You should not be completing the statement of recovery if no settlement has been made. Instead, update OWCP of the progress of the case, i.e., by telling them it has not yet been settled. When settlement is expected (if known), the progress, etc...

If you complete the statement of recovery, you're telling OWCP recovery has been made and they'll expect their money. This is why you can't complete it accurately, because there has been no recovery.

You can guess all you want about what the settlement might be, you can notify OWCP of what you're guessing the settlement might be and you could be completely wrong. So best to not guess because you have no idea what the actual settlement is going to be.

Loss of consortium isn't automatically awarded. This would be part of the lawsuit. If loss of consortium is awarded to you, the amount awarded is usually based on your state's laws for loss of consortium. But you may not receive loss of consortium.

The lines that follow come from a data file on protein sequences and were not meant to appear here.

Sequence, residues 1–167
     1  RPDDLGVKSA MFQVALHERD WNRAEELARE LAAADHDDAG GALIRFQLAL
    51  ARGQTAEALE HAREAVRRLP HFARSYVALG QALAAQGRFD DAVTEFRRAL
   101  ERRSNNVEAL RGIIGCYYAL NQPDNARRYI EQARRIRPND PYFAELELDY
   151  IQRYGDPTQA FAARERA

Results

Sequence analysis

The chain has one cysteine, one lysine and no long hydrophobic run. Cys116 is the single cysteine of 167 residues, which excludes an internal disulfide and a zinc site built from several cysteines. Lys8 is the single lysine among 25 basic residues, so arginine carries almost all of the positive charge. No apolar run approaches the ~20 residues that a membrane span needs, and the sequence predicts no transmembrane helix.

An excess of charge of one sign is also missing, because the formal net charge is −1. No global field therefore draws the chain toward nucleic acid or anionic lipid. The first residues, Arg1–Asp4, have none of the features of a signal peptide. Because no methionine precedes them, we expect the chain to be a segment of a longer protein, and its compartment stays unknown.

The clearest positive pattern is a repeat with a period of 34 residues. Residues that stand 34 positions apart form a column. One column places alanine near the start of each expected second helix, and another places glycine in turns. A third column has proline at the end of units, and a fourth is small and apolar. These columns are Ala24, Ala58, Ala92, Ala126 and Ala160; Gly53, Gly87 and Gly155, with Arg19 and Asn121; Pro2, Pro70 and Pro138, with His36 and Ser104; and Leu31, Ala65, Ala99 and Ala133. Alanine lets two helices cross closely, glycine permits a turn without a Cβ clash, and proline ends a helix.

If her claim was accepted as work-related, the providers should have been billing OWCP not Tricare. If this is still occurring, every provider should be instructed to bill only OWCP for anything related to her accepted claim.

You cannot apply for a schedule award until she reaches Maximum Medical Improvement, (MMI). If she requires surgery, she has not reached MMI.
djplourd  
#6 Posted : Saturday, August 3, 2019 5:07:48 AM(UTC)
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Update: we met with our lawyer again this week.

The limiting factor for the settlement amount is the greater of the plaintiff's insurance limits or our own $300K underinsured motorist coverage. Our lawyer just recently formally requested the specifics of the plaintiff's insurance coverage. This would include an umbrella policy if she has one. Best case scenario for us is that she has a large umbrella policy.

So far Tricare has only requested a fraction of their cost to be reimbursed.